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I found this statement/fun game in a nearby insect zoo:

A leaf cutter ant can lift 50 times its own weight! If you weight ..120.. pounds and were as strong as an ant, you could lift .. baby blue whale ..

It says that as leaf cutter ant can lift 50 times its own weight, if you're 120 pounds and as strong as an ant, you could lift a baby blue whale (presumably this was found by linearly extrapolating the weight).

"As strong as an ant" isn't an exact definition, but if we imagine a creature with exactly the same 3d-structure and material as a leaf-cutter ant, but it was larger such that it weight 120 pound (~54 kg), would this creature be able to lift 50 times its weight? If not, how many times its own weight would it be able to lift?

Initially, I thought the answer should be "definitely yes", since we're just scaling the same thing without modifying its structure, but someone pointed to me it might be different. For example assuming same material = same density, the mass ratio between the giant ant vs the small ant might not be the same as their length ratio, and such thing might have an effect on the lifting ability.

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closed as off-topic by Carl Witthoft, Gert, Daniel Griscom, JamalS, user36790 Jan 20 '16 at 2:25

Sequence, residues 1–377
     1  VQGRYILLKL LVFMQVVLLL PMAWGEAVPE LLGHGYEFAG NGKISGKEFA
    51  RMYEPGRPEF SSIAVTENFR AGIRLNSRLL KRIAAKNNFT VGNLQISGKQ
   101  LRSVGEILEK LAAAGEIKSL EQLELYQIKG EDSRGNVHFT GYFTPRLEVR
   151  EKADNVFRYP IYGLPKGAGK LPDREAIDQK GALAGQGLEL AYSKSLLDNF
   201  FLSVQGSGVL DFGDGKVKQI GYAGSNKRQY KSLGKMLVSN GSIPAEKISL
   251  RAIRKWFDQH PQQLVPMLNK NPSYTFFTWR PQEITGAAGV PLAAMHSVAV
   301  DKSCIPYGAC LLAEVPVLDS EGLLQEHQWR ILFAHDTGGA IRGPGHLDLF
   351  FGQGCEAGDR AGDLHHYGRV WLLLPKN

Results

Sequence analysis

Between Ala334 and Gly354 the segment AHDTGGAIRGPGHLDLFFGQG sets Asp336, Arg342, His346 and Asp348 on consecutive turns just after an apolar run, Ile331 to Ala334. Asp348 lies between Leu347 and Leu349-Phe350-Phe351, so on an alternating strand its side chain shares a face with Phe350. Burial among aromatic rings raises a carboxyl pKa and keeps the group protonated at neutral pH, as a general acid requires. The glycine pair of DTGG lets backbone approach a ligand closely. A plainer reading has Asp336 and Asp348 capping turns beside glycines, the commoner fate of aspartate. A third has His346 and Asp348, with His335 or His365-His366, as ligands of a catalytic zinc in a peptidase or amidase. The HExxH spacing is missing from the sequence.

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  • $\begingroup$ Muscle strength is (roughly) going to be proportional to the cross sectional area of the muscle, which goes as $l^2$. Weight is proportional to $l^3$. Not posting an answer because this is probably a duplicate. $\endgroup$ – DanielSank Jan 19 '16 at 4:42
  • $\begingroup$ @DanielSank Could you show which one this is a duplicate of? Also, how many times its own weight does that make the 120-pound ant able to lift? $\endgroup$ – user69715 Jan 19 '16 at 5:17
  • $\begingroup$ Try searching the site. For the second question can't you plug in the numbers? $\endgroup$ – DanielSank Jan 19 '16 at 7:36
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    $\begingroup$ Curiously, the answer contained in DanielSank's comment has already been published by Galileo in "Discourses and Mathematical Demonstrations Relating to Two New Sciences" in 1638. $\endgroup$ – CuriousOne Jan 19 '16 at 11:18
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    $\begingroup$ I'm voting to close this question as off-topic because it belongs in Biology or Biomechanics. $\endgroup$ – Carl Witthoft Jan 19 '16 at 13:19